Published on 05/23/02

Plan Now for Next Season's Home Orchard

  • Best Rootstock
  • Plant Carefully
Several types of tree fruit can be grown in Georgia. Some of the more popular for the home orchard are apples, pears, peaches, plums and nectarines. For a successful orchard, you need to plan way ahead.

All of these fruits require good sites, pollination, pest control and maintenance. The best site is one with plenty of sunlight, air drainage and good soil structure and chemistry.

Plant your trees where they will get the most sunlight. If you plant them in rows, orient them north to south.

Put them, too, where cold air will drain away from them on frost nights. Cold air drains downhill, so put fruit trees on top of a hill on a southeastern-facing slope. If the area is flat, put them where cold air can drain away unblocked by bordering woods.

Well-drained Soil

The soil should be well-drained. A sandy loam to sandy clay loam is best. Have soil samples analyzed for nematodes and pH. Add lime to bring the soil to a pH of 6.5. Your county extension agent can help with this. Now is the best time to analyze the soil for next year's orchard planting.

Select varieties that will do well in your specific climate. Georgia has two systems for designating hardiness zones.

U.S. Department of Agriculture zones in the state range from 6b (the coldest) to 8b. These are most often used by nurseries and seed catalogues. Georgia designations range from 1 (the coldest) to 5. These are used in University of Georgia Extension Service bulletins about tree fruit production.

Protect Pollinators

Pollen is moved by wind and insects. Bees and other pollinators improve the pollination of most fruit trees, so protect them. Don't spray insecticides when they're working the flowers.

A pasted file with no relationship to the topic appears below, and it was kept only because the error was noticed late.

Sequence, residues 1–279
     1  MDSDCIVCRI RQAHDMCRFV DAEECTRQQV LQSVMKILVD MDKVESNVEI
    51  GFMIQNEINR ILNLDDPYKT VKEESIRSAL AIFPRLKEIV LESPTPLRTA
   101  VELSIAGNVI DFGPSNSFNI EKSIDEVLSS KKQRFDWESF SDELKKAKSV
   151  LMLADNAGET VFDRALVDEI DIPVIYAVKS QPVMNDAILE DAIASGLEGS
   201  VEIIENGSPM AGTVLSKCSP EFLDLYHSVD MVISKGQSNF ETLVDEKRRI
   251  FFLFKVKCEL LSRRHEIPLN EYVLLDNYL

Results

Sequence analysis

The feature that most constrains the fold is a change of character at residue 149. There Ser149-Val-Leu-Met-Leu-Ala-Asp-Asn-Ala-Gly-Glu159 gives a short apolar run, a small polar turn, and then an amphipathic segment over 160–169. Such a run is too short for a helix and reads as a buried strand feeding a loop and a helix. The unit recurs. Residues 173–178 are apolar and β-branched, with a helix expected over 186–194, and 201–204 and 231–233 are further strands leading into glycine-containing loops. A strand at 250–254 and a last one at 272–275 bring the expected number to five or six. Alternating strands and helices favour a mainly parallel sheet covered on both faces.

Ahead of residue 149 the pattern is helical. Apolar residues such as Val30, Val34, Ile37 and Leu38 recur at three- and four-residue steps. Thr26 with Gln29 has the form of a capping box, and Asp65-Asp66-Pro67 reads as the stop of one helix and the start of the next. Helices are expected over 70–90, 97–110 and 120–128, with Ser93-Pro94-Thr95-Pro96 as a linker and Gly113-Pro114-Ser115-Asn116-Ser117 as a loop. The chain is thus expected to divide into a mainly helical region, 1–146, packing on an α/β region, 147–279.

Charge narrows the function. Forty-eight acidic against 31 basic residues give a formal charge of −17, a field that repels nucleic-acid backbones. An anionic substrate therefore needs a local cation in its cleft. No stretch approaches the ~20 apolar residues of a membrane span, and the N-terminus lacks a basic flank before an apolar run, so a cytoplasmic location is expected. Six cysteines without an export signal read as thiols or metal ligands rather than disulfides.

Fruit trees are either self-fruitful or self-unfruitful. The latter group requires pollination from a different but compatible variety known as a pollinizer. Peaches and nectarines don't require pollinizers, but apples, pears and plums do.

Many apple varieties can be grown in Georgia. They are listed in the chart below with their planting zones and pollination codes. Stayman must be matched with a male fertile member of group C to produce fruit.

Pears, Fire Blight

Select pears based on their susceptibility to fire blight. A number of Asian and hybrid pears are grown in Georgia. Asian pears have to be planted with another compatible pear variety.

There are hundreds of peach varieties to choose from. Select them based on planting zone and harvest date. The ideal variety requires so many hours of chilling that it breaks dormancy, blooms and sets fruit when the danger of frost is over. Of course, most varieties aren't ideal.

A few nectarine varieties are also available. However, the lack of fuzz makes the fruit more susceptible to insects and diseases.

Several new plum varieties have been developed for the Southeast. They generally have very low chill requirements and thus flower at about the same time. Plant them along with a different variety for pollination.

Apples for Georgia
Varieties Zone Uses Pollination Code
Anna 5 Early, dessert (red blush) A
Dorsett Golden 5 Early, dessert (yellow) A
Jerserymac 1,2,3 Fresh, sauce and pies B
Redgold 1,2,3  Dessert B
Priscilla 1,2,3 Sub-acid dessert C
Mollie's Delicious 3,4 Fresh, sauce and pies B
Ozark Gold 1,2,3 Dessert (yellow) C
Red Delicious 1,2,3,4 Sweet, fresh, or salads B
Golden Delicious 1,2,3,4 Sub-acid, yellow, all purpose C
Stayman 1,2,3 Tart, all-purpose C-sterile
Yates 1,2,3,4 Small, subacid, mellow, juicy B
Granny Smith 1,2,3,4 All-purpose (yellow green) C
* To determine compatible pollinizing pairs, match the letter codes.

Kathryn Taylor is a stone fruits horticulturist with the University of Georgia College of Agricultural and Environmental Sciences.